top of page
  • Writer's pictureAdmin

Helianthus annus 'Teddy Bear'

Updated: Jul 21, 2021

Apparently, no two teddy bears are alike. At least, this is my first-time experience growing Teddy Bear sunflowers. I planted six seeds with five growing successfully to maturity. Of the five, one is not behaving very teddy bearish (shown below). The grower explains that their plants are "open-pollinated," and that might explain the variability. The remaining plants exhibit shades of hirsuteness, which for my botanic exploration is refreshing to see. For designers expecting predictability, this may not be the annual for them.

This was a great choice for my planter, which is about 18" deep and 3' long. Its size allows me to plant the six seeds, and despite losing one, the others filled in nicely. H. annus 'Teddy Bear' is a dwarf, no more than 24" tall, lending itself to container growing. The Seed Savers Exchange, where I found my seeds, suggests planting a row in front of taller sunflowers to create a layered border. Good idea!

The plants are healthy and thriving, however, they do require a greater amount of water than I expected. Being in a container, they are requiring a few minutes of water everyday. By contrast, we have standard sunflowers planted in the ground that need much less, because the soil retains more moisture. Sunflowers are known to need a great amount of water while they are in their growth period, however in California, there are wayside sunflowers, particularly along I-5 in the Great Central Valley that are not receiving any supplemental water that I can observe. Small flowers and heavily branched with prolific blooms, it is unclear if roadside sunflowers are mutants from the standard species used in farming or something entirely different. More research, unless someone out there would like to share their knowledge.

For landscape architects, annuals such as sunflowers are typically excluded from designs. Space may be allocated for "seasonal color," meaning high-blooming yields presenting a splashy display for a given season. In such situations, commercial landscape maintenance companies know at certain times of the year these annuals are ripped out and replaced with something new for the upcoming season. Out with the marigolds and in with the bedding begonias kind of thing. To integrate annuals within other garden themes or landscape areas presents an additional challenge, namely that clients or gardeners are willing to go the extra mile by replacing and caring for annuals more frequently than any other plants in the landscape. Because annuals are considered high-maintenance, they are typically left out of plant specifications, including our little teddy bears.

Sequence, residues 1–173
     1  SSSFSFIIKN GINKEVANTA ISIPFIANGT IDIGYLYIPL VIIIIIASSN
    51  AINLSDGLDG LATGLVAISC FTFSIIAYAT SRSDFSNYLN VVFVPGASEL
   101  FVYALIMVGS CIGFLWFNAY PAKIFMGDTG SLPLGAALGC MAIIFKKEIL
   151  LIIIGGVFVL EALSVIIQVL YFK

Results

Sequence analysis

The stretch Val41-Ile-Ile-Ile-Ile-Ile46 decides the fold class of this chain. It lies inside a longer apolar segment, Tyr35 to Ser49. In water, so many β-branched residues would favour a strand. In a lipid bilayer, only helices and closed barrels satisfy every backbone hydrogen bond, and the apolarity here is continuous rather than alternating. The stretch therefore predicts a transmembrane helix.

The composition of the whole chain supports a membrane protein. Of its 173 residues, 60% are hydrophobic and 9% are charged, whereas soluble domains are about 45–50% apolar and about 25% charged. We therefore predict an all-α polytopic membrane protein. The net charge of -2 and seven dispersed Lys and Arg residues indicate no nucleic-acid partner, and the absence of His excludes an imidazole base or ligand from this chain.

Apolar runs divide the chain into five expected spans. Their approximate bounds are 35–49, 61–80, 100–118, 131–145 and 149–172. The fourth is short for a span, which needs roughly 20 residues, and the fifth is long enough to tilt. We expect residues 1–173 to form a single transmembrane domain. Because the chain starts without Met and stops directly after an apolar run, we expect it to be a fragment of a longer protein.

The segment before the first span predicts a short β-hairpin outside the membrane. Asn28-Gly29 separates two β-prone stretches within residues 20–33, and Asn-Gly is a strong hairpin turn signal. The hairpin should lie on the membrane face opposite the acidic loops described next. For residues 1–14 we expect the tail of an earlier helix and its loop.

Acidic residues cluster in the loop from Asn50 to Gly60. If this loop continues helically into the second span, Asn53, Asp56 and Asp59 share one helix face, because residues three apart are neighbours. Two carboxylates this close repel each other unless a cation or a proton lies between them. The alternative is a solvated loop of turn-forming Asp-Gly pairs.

For those of us who benefit from the reward of planting H. annus 'Teddy Bear,' well, then, plant away! Note they need full sun, lots of water, and might have bloom variability. They can be used as a cut flower, too, though given their size, cutting a stalk might mean taking the whole plant. Currently, I am floating the flower shown above, meaning I cut a short stem to leave the remaining flowers in the garden. So far, I'm enjoying its brightness indoors, and those that remain outdoors appear to have a long bloom period.



Botanical Name: Helianthus annus 'Teddy Bear'

Helianthus: Greek, helios for sun and anthos for flower

Annus: Annual

Common Name: Teddy Bear sunflower

Family Name: Asteraceae

Origin: Central United States to Central America

design considerations

Positioning: Middle ground/layering, rotational crop

Garden Themes: Kitchen, cutting, cottage

Uses: Border, cut flower, mass, container, hummingbirds

identifying characteristics

Type: Summer annual

Form: Upright

Texture: Coarse

Size: 18" wide, 18"-24" tall

Outstanding Feature(s): Flower

Stem: Light green, hairy


  • Type: Simple

  • Arrangement: Dextrorse

  • Shape: Cordate

  • Margin: Serrate

  • Color: Medium to light green

  • Surface: Hairy

Flower: Summer. Golden-yellow up to 6" across, double, devoid of a central "eye" as with other sunflowers.

Fruit: Not observed.

cultural requirements, tolerances & problems

Sunset Zones: 4-12, 14-24; H1

USDA Zones: 2-11

Light: Full sun

WUCOLS SF Bay Area Hydro Zone: Moderate


  • Texture: Sand, loam, clay, well-drained

  • Moisture Retention: Intermittent dryness once blooms are set

  • pH: Neutral to highly alkaline



  • Branch Strength: N/A

  • Insects: Caterpillars, beetles

  • Disease: Rust, leaf fungal spot, powdery mildew

citations & attributions

Missouri Botanical Garden. "Helianthus annus." Accessed on July 20, 2021.

Norris Brenzel, K. (Ed.). (2012). The New Sunset Western Garden Book. New York: Time Home Entertainment, Inc.

Water Use Classification of Landscape Species. "WUCOLS IV Plant List." University of California, Division of Agriculture and Natural Resources, Davis. Accessed on June 28, 2021.


6 views0 comments

Recent Posts

See All


bottom of page